Queen Elizabeth

Queen Elizabeth Saskatoon Homes for Sale

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For sale $259,900
404 Isabella STREET E, saskatoon, Saskatchewan

404 Isabella Street E

Saskatoon, Saskatchewan

3 Bedroom 1 Bathroom 1172 sqft
Boyes Group Realty Inc.
For sale $349,900
2126 William AVENUE, saskatoon, Saskatchewan

2126 William Avenue

Saskatoon, Saskatchewan

4 Bedroom 2 Bathroom 960 sqft
Boyes Group Realty Inc.
For sale $359,900
309 Hilliard STREET E, saskatoon, Saskatchewan

309 Hilliard Street E

Saskatoon, Saskatchewan

4 Bedroom 2 Bathroom 1000 sqft
Realty Executives Saskatoon
For sale $379,900
2337 Dufferin AVENUE SE, saskatoon, Saskatchewan

2337 Dufferin Avenue Se

Saskatoon, Saskatchewan

5 Bedroom 2 Bathroom 960 sqft
RE/MAX Saskatoon
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Queen Elizabeth Saskatoon; A brief history

Queen Elizabeth is a mostly residential neighbourhood located in south-central Saskatoon, Saskatchewan, Canada. It is a suburban subdivision, consisting mostly of low-density, single detached dwellings. As of 2007, the area is home to 2,491 residents. The neighbourhood is considered a middle-income area, with an average family income of $61,904, an average dwelling value of $280,970 and a home ownership rate of 66.9%.[1] According to MLS data, the average sale price of a home as of 2013 was $343,459.[2]

The land for the neighbourhood was annexed by the city between 1910 and 1919.[3] A 1913 map shows that the present-day Queen Elizabeth area overlaps two registered subdivisions of the day: the G.T.P. 1/4 Section in the west, and part of the Broadway Addition in the east.[4] During the speculative real estate market between 1909 and 1912, ambitious developers had a local lumber company built three stately brick homes at 1906, 1908 and 1910 York Avenue (at the intersection with Taylor Street). Though they were far away from the city core, developers anticipated that residential building would soon expand outward quickly.[5] Foundations for other houses nearby were built, but abruptly abandoned as a recession took hold in 1913. Meanwhile, the homes became known as the “Three Sisters” and were landmarks for travellers. The city eventually developed the land near the houses in around 1953.[6] The northmost “sister” was demolished to make way for Fire Station #3 – the two remaining homes survive to the present day.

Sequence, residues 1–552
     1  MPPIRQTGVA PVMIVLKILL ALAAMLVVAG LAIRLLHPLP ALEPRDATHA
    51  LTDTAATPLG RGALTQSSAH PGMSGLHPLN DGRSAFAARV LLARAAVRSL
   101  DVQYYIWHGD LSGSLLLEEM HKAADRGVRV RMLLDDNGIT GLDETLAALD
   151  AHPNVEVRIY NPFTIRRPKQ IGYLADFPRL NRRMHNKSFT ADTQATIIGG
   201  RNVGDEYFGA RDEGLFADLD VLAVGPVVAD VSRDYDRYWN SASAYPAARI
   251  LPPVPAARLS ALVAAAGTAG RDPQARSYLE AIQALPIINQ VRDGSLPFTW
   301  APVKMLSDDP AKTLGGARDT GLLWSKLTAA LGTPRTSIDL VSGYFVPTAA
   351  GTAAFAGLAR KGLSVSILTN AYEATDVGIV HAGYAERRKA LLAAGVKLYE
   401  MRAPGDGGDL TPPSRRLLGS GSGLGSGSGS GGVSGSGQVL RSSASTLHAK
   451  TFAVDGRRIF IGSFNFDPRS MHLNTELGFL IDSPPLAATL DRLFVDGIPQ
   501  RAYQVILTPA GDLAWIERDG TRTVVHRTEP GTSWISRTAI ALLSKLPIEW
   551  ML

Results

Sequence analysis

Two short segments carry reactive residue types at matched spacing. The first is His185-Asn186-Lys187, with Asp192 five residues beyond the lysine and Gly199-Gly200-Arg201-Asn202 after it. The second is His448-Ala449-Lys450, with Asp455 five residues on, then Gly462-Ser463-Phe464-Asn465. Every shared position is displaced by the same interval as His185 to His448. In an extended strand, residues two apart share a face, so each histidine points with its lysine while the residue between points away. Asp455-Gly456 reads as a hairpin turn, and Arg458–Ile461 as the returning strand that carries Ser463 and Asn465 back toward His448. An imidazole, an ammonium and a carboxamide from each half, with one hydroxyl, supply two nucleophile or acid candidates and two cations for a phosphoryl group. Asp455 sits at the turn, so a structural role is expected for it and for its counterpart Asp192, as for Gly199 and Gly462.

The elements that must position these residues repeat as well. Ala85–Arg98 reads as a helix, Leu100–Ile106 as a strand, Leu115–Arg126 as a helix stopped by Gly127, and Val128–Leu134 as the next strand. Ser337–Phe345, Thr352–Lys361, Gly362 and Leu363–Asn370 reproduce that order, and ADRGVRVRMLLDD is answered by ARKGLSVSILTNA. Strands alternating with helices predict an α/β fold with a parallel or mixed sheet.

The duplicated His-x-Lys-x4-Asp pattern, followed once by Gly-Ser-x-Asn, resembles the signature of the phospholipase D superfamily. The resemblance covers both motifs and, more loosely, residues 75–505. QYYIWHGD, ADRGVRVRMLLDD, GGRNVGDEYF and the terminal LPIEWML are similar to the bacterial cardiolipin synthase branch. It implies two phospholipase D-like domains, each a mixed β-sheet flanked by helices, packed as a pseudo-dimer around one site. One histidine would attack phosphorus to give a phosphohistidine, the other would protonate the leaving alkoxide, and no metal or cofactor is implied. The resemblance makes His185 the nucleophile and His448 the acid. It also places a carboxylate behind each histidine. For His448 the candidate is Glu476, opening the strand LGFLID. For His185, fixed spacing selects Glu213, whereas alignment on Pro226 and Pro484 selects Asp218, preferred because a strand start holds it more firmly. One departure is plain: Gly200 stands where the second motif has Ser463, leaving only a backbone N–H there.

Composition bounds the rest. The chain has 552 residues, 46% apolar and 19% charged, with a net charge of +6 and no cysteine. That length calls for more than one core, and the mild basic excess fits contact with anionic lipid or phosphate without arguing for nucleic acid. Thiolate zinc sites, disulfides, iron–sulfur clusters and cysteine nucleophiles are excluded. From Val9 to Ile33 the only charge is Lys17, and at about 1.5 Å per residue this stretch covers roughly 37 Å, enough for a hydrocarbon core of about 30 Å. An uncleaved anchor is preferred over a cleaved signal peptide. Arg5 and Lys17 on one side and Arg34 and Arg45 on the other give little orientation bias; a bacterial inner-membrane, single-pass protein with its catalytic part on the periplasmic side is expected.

Home construction begin in earnest until after World War II.[1] Gladmer Park, a complex of four-unit semi-detached houses, was developed in the 1950s as one of several Limited Dividend Housing Projects constructed in Saskatoon. Financing was provided by the Canada Mortgage and Housing Corporation repayable over a 40-year period. A condition of the mortgage required that this project provide low rent housing over the 40-year term.[7]

Queen Elizabeth School was designed by local architect Frank J. Martin. It was built in 1953 and opened in September 1954.[8][9] Aden Bowman Collegiate was opened in 1958.[10] en.wikipedia.org · Text under CC-BY-SA license